Virtuoso Chairman and CEO Matthew D. Upchurch on (sometimes unusual) trends in the luxury travel trade
Following on from last issue’s feature with the head of the world’s top luxury travel network, we continue to look at key trends in the trade. Cleverdis editor-in-chief Richard Barnes asked Matthew to explain his concept of “Return on Life”…
The user experience guys in our digital team talk about the “mental model”. Consumers have a mental model, and the idea is how to present something, understanding the mental model somebody already has, so that you can basically canoe downstream…
For example, the biggest problem with online booking and the internet is that the core mental model of booking online is price, then come speed and convenience. So for us, the whole idea of multi-year planning comes down to the creation of language and branding around how to communicate what we do as a value to different population sets that already possess a certain mental model. With multi-year planning, we own a trademark called “Return on Life” (eds: a registered trademark of Virtuoso). Return on Life is the way we present what a great Virtuoso advisor does for people who already have wealth advisors. What we say to them is, “Why would you have a wealth advisor to help you optimise and manage your financial assets, but not have somebody in your life to help you optimise and make the most out of your most valuable non-renewable asset: your free leisure time.”
What makes your advisors different?
I am incredibly proud of the amount of new talent we have brought into this industry. When I met our first attorney, who quit his law practice to become a Virtuoso advisor, I thought “Wow, this is incredible.” Here I am seven years later and it’s become “Huh, another attorney?”
As I mentioned in our last chat, what’s happening is that this whole idea of our generalists being “specialists in you” comes from the fact that in a world with so much information and brand confusion, who can one trust today? That’s where you need a specialist in the client, and where the Virtuoso network comes into place.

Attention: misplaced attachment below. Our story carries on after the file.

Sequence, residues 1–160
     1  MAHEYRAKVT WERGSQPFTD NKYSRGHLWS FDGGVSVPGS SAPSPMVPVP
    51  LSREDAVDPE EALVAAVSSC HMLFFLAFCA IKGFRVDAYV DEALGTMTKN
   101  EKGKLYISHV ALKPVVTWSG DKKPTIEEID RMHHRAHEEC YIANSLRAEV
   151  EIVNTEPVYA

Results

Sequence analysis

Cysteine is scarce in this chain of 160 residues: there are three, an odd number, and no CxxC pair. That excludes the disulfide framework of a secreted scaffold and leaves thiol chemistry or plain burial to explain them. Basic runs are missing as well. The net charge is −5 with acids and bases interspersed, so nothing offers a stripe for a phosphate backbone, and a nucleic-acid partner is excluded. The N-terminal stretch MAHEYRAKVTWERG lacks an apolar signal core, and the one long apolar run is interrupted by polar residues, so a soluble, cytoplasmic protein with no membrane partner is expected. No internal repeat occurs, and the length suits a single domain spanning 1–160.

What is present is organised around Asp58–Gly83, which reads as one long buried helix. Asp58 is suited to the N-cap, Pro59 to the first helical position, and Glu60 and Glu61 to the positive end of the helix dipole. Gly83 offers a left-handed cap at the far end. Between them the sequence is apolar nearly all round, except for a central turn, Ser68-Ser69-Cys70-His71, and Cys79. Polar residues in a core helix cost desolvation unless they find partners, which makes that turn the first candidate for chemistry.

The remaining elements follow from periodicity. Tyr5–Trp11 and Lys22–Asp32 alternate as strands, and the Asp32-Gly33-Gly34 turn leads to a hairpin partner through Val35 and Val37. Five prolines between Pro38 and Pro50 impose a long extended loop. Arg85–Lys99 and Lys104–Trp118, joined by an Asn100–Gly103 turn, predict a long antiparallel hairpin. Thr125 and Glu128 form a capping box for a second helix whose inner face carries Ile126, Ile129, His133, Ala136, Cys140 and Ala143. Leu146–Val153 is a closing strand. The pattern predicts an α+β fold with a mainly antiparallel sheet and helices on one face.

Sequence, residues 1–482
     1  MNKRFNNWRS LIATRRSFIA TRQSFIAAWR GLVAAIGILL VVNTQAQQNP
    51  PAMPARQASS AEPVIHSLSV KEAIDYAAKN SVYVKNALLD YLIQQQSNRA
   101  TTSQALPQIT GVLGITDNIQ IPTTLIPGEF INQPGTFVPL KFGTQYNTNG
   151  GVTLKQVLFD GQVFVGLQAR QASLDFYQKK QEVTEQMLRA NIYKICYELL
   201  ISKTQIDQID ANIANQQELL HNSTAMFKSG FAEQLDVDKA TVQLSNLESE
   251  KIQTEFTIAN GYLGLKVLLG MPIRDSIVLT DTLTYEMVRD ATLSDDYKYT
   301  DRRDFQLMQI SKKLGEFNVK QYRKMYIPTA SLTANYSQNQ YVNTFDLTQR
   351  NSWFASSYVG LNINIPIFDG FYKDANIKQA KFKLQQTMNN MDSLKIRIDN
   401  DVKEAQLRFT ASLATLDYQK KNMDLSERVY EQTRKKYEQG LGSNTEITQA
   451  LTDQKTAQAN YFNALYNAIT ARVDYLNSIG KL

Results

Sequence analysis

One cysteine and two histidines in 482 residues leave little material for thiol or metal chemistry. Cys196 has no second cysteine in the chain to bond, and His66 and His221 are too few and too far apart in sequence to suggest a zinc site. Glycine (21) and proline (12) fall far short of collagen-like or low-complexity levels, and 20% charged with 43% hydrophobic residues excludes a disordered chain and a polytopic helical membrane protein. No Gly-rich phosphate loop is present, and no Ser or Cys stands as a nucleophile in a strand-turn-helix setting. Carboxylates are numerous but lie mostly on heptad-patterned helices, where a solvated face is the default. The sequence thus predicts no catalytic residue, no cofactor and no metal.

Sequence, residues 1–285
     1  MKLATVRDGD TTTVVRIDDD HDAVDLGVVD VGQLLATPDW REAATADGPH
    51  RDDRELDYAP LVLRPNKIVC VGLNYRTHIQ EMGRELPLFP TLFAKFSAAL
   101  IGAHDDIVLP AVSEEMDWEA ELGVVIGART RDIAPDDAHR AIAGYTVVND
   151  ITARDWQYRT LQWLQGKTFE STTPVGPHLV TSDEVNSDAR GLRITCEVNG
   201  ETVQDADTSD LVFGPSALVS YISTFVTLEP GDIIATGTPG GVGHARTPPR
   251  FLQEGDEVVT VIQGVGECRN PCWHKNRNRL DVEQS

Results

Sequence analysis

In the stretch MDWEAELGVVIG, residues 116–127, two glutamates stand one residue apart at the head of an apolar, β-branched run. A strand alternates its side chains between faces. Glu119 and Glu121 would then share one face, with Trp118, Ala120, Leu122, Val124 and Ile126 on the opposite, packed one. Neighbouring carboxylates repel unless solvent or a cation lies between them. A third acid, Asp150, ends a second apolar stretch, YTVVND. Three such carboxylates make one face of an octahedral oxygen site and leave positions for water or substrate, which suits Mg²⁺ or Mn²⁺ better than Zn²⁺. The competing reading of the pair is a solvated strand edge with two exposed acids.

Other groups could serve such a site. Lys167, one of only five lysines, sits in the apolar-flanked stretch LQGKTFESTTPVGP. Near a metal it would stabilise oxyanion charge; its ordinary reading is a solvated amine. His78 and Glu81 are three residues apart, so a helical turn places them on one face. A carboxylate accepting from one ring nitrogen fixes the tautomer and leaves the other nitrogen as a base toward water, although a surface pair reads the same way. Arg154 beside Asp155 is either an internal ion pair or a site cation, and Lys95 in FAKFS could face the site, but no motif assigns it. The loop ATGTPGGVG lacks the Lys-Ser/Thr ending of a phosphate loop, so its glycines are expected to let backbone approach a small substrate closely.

Multi-generational travel continues to be on the rise. How do your advisors work with people in these cases?
Indeed, we have grandparents today funding big multi-generational trips, literally saying, “I am going to leave you less money than you probably would have had before, because I believe that our time together as a family, to share ideas, to connect, and also to show you the world, is a competitive advantage that you will have for the rest of your life.” And something interesting is happening, where we will have a Virtuoso advisor set-up a Skype call on a Smart TV at the grandparents’ home. They have a skeleton itinerary, and then they have a family gathering, where they literally do a live call with the people out in the field: “The kids want to do this, the grandkids want to do that…” It’s an evolution in the way you can service a client.
What enables Virtuoso’s travel advisors to thrive?
We did an interesting study about what drives loyalty versus repeat business. I’m not talking about loyalty as in, “I’m going to give you points”, but I mean loyalty through relationship; realising that loyalty is created on two planes: the structural, and the emotional.
The single most important thing that we have been told by consumers that differentiates a transactional travel agent from a trusted advisor is the conversation after the trip.
The guy who did the research for us came up with a great one-liner: “Only debrief 100% of the clients you want to keep.” This goes full circle to what I was talking about – that generalisation is not generalisation, it’s specialisation in the client. What happens is that as an individual advisor builds a relationship of trust, language, style, etcetera, and as they talk to the client after each trip, it becomes a learning relationship. That client is basically investing in this structural and emotional bank account of this relationship, which makes the advisor stickier and stickier.
Another important point is that really great advisors are never working solely on the next trip. They’re working two years out. There’s a larger context, and that’s also one of the reasons they are so valuable to their clients. It’s a multi-trip. They might say, “You realise that your kids only have three more summers with you, and you still haven’t done that African safari”.